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I'd like to check that Crystal Reports Basic for Visual Studio 2008 is installed as a condition for my own installation package.

I found this in the bootstrapper description for this product (C:\Program Files\Microsoft SDKs\Windows\v6.0A\Bootstrapper\Packages\CrystalReports10_5\product.xml) :

  <MsiProductCheck Property="CRVSInstalled" Product="{AA467959-A1D6-4F45-90CD-11DC57733F32}"/>
  <MsiProductCheck Property="CRVSRunTimex86Installed" Product="{CE26F10F-C80F-4377-908B-1B7882AE2CE3}"/>
  <MsiProductCheck Property="CRVSRunTimex64Installed" Product="{2BFA9B05-7418-4EDE-A6FC-620427BAAAA3}. "/>

Trying to mimic this behavior in WiX, I did the following :

  <ComponentSearch Id="CRVSInstalledSearch" Guid="{AA467959-A1D6-4F45-90CD-11DC57733F32}" />
  <ComponentSearch Id="CRVSRunTimex86InstalledSearch" Guid="{CE26F10F-C80F-4377-908B-1B7882AE2CE3}" />
  <ComponentSearch Id="CRVSRunTimex64InstalledSearch" Guid="{2BFA9B05-7418-4EDE-A6FC-620427BAAAA3}" />
<Condition Message="!(loc.CrystalReportsRequired)">Installed OR CRVSINSTALLED OR CRVSRUNTIMEX86INSTALLED OR CRVSRUNTIMEX64INSTALLED</Condition>

But it seems that ComponentSearch is looking for package components (files, directories) that have their own ids, rather than looking for the package itself.

So how can I do this ?

share|improve this question

As suggested here :

Try a registry search under HKLM\Software\Microsoft\Windows\CurrentVersion\Uninstall\{productcode}. Also consider a search under HKCU if both your product and the dependency are per-user products.

This goes like this :

  <RegistrySearch Id="CRVSInstalledSearch" Root="HKLM" Key="Software\Microsoft\Windows\CurrentVersion\Uninstall\{AA467959-A1D6-4F45-90CD-11DC57733F32}" Name="InstallDate" Type="raw" />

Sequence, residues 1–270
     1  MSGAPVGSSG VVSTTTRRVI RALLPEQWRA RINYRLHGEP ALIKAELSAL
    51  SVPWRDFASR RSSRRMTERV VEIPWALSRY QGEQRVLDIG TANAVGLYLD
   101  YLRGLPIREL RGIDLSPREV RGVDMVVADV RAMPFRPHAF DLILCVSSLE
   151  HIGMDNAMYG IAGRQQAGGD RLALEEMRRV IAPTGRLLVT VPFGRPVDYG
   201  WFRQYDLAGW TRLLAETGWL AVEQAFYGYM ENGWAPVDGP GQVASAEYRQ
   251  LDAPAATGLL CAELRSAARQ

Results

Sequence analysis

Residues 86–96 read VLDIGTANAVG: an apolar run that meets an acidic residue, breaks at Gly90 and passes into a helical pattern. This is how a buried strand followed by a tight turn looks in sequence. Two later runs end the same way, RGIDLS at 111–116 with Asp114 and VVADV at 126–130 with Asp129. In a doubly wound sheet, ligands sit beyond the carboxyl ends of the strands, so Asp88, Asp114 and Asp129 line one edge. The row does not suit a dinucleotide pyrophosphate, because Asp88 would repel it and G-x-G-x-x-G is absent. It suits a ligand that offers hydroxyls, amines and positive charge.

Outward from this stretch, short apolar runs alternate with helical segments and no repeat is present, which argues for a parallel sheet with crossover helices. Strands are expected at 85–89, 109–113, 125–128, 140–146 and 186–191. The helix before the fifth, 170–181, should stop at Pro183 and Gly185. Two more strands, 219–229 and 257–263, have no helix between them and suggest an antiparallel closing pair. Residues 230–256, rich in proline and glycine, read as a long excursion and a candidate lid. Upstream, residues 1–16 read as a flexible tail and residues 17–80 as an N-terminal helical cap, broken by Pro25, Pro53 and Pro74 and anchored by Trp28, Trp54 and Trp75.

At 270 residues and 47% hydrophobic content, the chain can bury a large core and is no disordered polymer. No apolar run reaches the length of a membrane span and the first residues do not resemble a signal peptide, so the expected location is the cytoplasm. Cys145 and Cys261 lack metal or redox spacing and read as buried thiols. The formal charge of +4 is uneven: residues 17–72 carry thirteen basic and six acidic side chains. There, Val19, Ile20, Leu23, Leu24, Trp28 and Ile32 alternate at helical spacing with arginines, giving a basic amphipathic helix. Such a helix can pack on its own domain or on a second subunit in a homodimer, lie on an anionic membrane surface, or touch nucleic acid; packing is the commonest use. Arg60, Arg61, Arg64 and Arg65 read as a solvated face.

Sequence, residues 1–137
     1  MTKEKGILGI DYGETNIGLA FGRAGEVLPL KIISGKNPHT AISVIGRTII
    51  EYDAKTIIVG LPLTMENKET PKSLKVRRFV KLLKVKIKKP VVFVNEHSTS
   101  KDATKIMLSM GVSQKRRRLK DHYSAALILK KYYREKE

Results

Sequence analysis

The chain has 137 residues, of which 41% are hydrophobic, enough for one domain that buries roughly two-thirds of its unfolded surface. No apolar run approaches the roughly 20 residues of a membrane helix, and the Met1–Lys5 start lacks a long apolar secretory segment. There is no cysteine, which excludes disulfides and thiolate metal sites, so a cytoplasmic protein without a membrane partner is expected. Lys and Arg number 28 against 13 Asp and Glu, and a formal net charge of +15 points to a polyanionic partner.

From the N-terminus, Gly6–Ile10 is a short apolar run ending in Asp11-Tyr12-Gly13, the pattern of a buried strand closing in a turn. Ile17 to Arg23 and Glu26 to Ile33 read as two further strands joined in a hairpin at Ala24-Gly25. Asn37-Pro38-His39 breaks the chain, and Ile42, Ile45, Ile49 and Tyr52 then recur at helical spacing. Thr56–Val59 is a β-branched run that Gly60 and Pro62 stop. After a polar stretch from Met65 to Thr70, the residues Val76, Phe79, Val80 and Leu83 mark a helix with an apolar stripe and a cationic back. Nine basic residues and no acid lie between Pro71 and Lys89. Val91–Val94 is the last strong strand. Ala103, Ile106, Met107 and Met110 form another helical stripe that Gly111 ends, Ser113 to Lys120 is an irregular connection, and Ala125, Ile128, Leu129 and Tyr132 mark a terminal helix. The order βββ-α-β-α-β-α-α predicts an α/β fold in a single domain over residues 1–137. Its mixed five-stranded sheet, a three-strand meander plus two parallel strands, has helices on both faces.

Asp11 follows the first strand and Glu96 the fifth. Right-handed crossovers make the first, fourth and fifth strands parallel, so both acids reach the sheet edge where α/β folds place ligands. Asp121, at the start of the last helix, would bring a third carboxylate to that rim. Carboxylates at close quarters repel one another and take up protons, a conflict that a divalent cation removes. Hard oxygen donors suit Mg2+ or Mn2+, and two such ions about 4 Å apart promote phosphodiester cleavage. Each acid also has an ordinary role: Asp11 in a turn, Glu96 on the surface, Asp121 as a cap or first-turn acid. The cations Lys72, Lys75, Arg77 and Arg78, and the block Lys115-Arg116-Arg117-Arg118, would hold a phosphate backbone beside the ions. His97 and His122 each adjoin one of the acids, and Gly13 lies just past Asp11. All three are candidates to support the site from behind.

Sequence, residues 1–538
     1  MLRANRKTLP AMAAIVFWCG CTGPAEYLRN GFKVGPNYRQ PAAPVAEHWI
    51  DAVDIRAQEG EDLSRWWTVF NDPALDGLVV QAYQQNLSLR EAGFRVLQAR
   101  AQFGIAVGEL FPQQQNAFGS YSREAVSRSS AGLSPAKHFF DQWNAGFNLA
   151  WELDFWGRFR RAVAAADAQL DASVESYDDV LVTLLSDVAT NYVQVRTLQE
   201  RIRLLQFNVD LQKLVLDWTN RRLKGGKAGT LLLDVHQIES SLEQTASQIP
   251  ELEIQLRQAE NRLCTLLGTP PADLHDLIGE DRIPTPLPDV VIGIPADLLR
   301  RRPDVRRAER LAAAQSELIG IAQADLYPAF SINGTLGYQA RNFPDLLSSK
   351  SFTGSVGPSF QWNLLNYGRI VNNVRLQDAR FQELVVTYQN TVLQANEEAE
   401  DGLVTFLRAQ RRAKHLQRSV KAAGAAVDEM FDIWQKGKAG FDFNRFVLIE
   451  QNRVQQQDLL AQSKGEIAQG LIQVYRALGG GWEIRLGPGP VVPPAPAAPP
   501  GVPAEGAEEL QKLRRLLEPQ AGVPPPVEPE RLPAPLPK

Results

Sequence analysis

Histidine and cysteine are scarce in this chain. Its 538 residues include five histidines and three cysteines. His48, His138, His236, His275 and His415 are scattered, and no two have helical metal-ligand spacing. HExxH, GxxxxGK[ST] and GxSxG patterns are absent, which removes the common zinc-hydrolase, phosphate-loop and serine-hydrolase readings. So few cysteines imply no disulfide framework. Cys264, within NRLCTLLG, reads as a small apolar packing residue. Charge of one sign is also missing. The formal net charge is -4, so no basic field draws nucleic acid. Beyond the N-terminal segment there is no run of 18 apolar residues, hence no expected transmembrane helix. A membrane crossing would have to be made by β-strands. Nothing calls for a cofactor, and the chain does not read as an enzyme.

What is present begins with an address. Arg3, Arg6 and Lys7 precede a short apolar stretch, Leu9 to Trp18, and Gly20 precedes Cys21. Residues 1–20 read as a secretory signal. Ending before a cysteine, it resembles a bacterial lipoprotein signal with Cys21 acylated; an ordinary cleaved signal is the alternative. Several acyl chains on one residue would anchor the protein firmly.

<RegistrySearch Id="CRVSRunTimeInstalledSearch" Root="HKLM" Key="Software\Microsoft\Windows\CurrentVersion\Uninstall\{CE26F10F-C80F-4377-908B-1B7882AE2CE3}" Name="InstallDate" Type="raw" />
  <RegistrySearch Id="CRVSRunTimeInstalledSearch" Root="HKLM" Key="Software\Microsoft\Windows\CurrentVersion\Uninstall\{2BFA9B05-7418-4EDE-A6FC-620427BAAAA3}" Name="InstallDate" Type="raw" />
share|improve this answer
+1 for avoiding custom actions but beware: AFAIK this is undocumented and therefore in principle unsupported. The following post by Raymond Chen comes to mind: blogs.msdn.com/oldnewthing/archive/2003/11/03/55532.aspx – Wim Coenen May 13 '09 at 18:35
Thanks for pointing this out. – Mac May 14 '09 at 8:12
A 100% supported solution without custom actions has been suggested here : article.gmane.org/gmane.comp.windows.devel.wix.user/38263 But I don't have time to test it right now, and I would need the upgrade GUID for CR, which I don't know yet how to retrieve. – Mac May 14 '09 at 12:33

You can use Upgrade table

<Upgrade Id="36E76465-5548-390F-955A-2776582C6A6C">
  <UpgradeVersion OnlyDetect="yes" Property="TFSCLIENT" Minimum="11.0.50727" />
<Condition Message="ERROR: Team Explorer for Microsoft Visual Studio 2012 is not installed">
  Installed OR TFSCLIENT

Now the tricky bit is to find Upgrade Code (specified in Id attribute above). If you have an MSI package, just look at it by Orca. If you don't - try this solution.

share|improve this answer

The windows installer API has the MsiQueryProductState function in msi.dll to do this. Unfortunately you'll have to write a custom action to make use of this in your installer. The assemblies in C:\Program Files\Windows Installer XML v3\SDK may make this easier.

share|improve this answer
Interesting, but I don't think I'll have the time to delve into custom actions. For now. – Mac May 13 '09 at 12:54

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